In earlier statements posted on its website in past years, Capital Pride officials cited the Black Lives Matter movement and the police killing of Black Minneapolis resident George Floyd that triggered anti-police protests across the country as an issue that made some in the LGBTQ community and others participating in the Pride parade uncomfortable in the presence of uniformed police officers.

“Pride this year comes on the heels of a global pandemic and a nation confronting the murder of George Floyd at the hands of Minneapolis police officers,” the group said in a June 3, 2020, statement. The Floyd case and the 2020 police shooting deaths of a Black woman in Louisville, Ky., and a Black transgender man in Tallahassee, Fla. “have created a nationwide uprising crying out for racial justice and the protection of Black life,” the statement said.

“As members of the Black and Brown communities have stood with the LGBTQ+ community, the Capital Pride Alliance stands in complete solidarity to unite against these disparities that impact communities of color,” the 2020 statement said. “We pledge that we will work together to find solutions and make positive changes that are so desperately needed to end inequity, injustice, and violence against people of color.”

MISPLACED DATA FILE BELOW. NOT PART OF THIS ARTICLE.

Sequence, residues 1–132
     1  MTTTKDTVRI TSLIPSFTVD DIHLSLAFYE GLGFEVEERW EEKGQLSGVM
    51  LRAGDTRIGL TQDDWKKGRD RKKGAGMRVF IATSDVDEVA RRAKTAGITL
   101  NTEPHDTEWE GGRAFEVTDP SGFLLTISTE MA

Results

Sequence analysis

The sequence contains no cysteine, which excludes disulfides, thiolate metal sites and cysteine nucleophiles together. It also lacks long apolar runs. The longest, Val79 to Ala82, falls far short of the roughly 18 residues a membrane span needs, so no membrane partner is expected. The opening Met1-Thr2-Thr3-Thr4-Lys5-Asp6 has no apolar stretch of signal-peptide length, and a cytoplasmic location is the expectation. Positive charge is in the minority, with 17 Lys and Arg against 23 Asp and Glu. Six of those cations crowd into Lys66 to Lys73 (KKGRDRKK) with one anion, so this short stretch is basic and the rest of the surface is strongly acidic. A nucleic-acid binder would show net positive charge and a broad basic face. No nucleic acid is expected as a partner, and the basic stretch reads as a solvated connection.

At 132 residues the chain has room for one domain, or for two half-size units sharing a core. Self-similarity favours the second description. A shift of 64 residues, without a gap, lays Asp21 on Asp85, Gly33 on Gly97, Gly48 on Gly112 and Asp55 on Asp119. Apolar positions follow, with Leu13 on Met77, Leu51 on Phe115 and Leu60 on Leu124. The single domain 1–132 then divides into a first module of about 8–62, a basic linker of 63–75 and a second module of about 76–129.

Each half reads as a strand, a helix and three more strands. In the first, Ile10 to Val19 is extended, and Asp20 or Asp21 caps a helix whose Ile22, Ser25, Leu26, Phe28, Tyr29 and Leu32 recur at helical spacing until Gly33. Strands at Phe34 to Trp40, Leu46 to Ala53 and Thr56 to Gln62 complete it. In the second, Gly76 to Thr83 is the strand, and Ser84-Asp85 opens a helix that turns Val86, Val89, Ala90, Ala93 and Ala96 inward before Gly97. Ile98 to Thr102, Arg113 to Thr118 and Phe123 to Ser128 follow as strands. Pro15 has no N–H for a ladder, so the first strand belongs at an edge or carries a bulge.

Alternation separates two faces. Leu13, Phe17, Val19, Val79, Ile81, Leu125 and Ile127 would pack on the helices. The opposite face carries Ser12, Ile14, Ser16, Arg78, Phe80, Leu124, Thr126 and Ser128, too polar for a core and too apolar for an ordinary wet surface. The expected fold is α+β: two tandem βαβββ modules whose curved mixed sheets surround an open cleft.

Activists have acknowledged that the LGBTQ community nationwide has been divided over decisions to ban uniformed police participation in Pride parades in cities across the country, including New York and San Francisco.

A June 2019 nationwide poll of 801 LGBTQ people in the U.S. conducted by the polling firm Whitman Insight Strategies and BuzzFeed News found that 79 percent of LGBTQ adults said, “police should be welcome to join pride events,” with just 8 percent expressing opposition to police presence, according to BuzzFeed.

“People of color, who made up 21 percent of all survey respondents, support cops in pride events by 77 percent to 8 percent (15 percent say it makes no difference either way),” BuzzFeed reported in a June 24, 2019, article.

Earl Fowlkes, the founder and former CEO of the D.C.-based Center For Black Equity, which organizes D.C.’s annual Black Pride events, told the Blade that Black Pride has not adopted a policy of restricting uniformed police officers from participating in any of its events.

Continue Reading

Sign Up for Weekly E-Blast

Follow Us @washblade